Ogle Outfits And Share Your Unique Style With WearToday

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Fashion might not save the world, but it can be a creative outlet that gives you the confidence to improve your life. That’s the ethos behind WearToday, built by veteran Facebook product designer and eccentric dresser Alexandre Roche. Launching today on iOS in invite-only beta, WearToday lets you photograph your current outfit, ID your clothes and share full-body shots with tags of your threads.

Roche dropped out of college to work at Facebook where he worked on the now-defunct Listen With Friends music feature, as well as Facebook Questions, the search typeahead, friends lists, and privacy. After quitting in February 2012 and taking some time off, he tells me he became enthralled with cheap, outlandish vintage clothes because “you buy something you think you could never wear but then you do!”

WearToday RebeccaRoche noticed people were sharing a lot of outfits to Instagram, but the square format and lack of metadata about names and brands made it less than ideal. So together with his dad, also a snazzy dresser and the head of Dogbook, they came up with WearToday. It’s a community where people don’t have to feel shy about sharing their outfits.

You sign up (on the wait list as it’s currently invite-only) for WearToday with your phone number and Instagram account, which helps you find friends to follow. The app also suggests some stylish folks to follow for inspiration. Each time someone you follow posts a new outfit, you get a push notification.

To post to WearToday, you stand up your phone, start the camera’s 10-second timer, and take a long-distance head-to-toe selfie. You can snap multiple takes if necessary and choose the best pic. Then you tag the different parts of your outfit with brands and Foursquare store locations using a smart little auto-crop tool that homes in on your shoes, shirt, or whatever. When you post to WearToday, Instagram, Twitter, or Facebook, the photo shows you all suited up on the left and the tags on the right.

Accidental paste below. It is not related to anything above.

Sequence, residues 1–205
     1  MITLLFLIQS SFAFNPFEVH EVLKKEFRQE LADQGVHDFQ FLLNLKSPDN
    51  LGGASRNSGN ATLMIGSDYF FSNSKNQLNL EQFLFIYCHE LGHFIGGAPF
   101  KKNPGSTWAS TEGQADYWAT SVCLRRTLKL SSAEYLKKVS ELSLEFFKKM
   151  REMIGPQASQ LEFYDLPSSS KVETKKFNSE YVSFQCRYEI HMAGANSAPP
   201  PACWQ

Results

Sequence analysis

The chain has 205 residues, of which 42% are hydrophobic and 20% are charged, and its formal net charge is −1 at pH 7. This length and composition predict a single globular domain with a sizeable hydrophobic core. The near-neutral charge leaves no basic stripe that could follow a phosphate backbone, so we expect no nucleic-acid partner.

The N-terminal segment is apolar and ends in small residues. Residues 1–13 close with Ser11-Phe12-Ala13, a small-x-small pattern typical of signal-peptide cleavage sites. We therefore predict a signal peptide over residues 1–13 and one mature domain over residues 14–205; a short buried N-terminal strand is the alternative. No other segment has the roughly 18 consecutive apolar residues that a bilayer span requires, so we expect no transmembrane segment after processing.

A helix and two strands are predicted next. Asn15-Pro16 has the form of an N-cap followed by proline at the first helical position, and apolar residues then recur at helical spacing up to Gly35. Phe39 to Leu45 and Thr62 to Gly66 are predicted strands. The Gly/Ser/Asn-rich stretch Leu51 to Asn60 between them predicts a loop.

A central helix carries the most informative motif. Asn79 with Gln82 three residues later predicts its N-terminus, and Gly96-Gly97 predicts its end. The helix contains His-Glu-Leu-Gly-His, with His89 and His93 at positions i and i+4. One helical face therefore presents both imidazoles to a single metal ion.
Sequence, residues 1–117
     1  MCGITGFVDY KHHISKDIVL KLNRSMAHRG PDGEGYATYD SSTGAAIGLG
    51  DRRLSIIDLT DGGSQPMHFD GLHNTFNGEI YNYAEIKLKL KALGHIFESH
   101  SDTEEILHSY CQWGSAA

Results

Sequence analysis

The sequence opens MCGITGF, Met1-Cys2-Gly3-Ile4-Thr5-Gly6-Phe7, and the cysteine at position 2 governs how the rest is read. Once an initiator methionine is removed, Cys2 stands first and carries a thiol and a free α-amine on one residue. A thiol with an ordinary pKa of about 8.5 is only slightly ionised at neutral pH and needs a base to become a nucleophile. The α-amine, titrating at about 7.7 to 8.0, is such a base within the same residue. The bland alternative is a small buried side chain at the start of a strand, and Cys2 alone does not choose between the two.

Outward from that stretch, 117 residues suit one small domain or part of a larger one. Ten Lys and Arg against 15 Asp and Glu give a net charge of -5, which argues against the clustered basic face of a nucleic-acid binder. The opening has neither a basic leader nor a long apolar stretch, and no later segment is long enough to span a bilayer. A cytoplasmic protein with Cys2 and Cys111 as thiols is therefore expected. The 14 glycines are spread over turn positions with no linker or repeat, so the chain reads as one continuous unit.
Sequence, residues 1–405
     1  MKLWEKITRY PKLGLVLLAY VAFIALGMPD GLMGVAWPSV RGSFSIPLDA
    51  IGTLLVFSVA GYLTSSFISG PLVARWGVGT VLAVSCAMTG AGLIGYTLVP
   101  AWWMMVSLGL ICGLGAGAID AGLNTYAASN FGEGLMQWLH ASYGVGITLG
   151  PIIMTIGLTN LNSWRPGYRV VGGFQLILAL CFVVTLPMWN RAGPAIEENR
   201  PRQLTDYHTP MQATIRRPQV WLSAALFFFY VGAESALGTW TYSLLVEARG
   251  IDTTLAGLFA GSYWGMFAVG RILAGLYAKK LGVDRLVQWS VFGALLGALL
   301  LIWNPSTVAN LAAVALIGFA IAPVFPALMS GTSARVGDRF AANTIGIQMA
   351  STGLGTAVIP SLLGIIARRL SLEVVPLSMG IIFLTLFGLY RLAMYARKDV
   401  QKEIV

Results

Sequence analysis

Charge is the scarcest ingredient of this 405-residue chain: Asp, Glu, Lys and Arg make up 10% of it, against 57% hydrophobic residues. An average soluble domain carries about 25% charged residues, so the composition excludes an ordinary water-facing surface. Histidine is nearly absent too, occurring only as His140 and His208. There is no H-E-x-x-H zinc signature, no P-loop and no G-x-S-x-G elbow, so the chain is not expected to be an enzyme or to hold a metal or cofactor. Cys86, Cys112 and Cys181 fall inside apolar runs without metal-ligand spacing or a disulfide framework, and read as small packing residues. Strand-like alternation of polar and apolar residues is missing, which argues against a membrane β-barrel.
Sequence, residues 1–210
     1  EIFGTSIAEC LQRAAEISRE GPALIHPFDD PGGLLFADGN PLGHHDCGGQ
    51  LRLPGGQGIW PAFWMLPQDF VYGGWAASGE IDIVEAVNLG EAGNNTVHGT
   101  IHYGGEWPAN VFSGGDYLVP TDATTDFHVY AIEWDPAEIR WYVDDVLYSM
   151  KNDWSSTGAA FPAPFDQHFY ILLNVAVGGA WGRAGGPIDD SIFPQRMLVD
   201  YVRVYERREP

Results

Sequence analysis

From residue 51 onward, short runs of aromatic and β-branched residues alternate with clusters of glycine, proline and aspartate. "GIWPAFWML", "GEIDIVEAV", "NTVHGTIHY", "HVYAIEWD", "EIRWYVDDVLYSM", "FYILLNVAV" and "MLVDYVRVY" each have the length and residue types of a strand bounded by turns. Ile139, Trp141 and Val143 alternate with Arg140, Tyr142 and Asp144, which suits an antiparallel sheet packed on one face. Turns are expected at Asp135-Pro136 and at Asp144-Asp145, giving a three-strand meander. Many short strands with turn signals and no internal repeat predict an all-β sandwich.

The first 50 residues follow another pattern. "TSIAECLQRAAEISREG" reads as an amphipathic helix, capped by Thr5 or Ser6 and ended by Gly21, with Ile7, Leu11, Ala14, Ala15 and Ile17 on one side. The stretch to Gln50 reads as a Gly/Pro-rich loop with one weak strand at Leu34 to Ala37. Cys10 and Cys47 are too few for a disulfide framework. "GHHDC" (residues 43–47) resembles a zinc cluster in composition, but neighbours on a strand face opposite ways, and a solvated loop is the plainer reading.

If it gets that far, WearToday could monetize by linking you through to buy the outfits you see in the app, or maybe offering on-demand fashion consulting.

WearToday TaggingFor a bootstrapped v1, WearToday feels pretty slick, but there are some big issues. Push notifications work at invite-only scale, but could get very noisy if WearToday becomes popular, and there’s no way to mute certain people.

It’s pretty damn tough to get a good photo of yourself since WearToday uses the iPhone’s higher-def rear camera and you can’t see yourself. Each shot takes 10 seconds so it’s slow to keep shooting until you get it right. You can’t enter a text description of your clothing items, and have to tag at least a brand or location which isn’t always available, like if it’s some handcrafted piece of jewelry from a craft fair.

WearToday’s biggest challenge will be proving to people the value of a dedicated outfit-sharing app. Other vertical-specific photo apps like Justin Bieber’s selfie sharer Shots Of Me have tanked as people just end up using Instagram, Twitter, and Facebook to share. Plus there are already fewer mobile-first fashion photo startups like OutfitHive, Netrobe, Stylebook, and most notably Cloth. WearToday will have to beat the odds and focus on strong attention to detail, an easier outfit-sharing flow and loyalty from fashionistas if it’s going to survive.

Roche tells me sharing on WearToday matters because “It’s an expression of who you are. It’s an expression of how we feel independent of one another. I think encouraging people to be creative is a really good thing.”

Still, it’s easy to deride WearToday as one of those small-minded Silicon Valley startups no one needs. “Another photo sharing app? Uggh.” And yes, from one perspective the whole thing is silly and likely to fail.

But have you ever felt that rush of confidence when you’re decked out in a fresh outfit you love? It’s the feeling that lets you create your own luck, win the girl, nail the interview, or just feel happy. When you wear something that captures your identity, you attract people who like you for the real you. If the app can inspire us to express who we are on the inside, WearToday could do some good. Even if it’s as silly as Roche’s outfits.

Alexandre Roche Outfits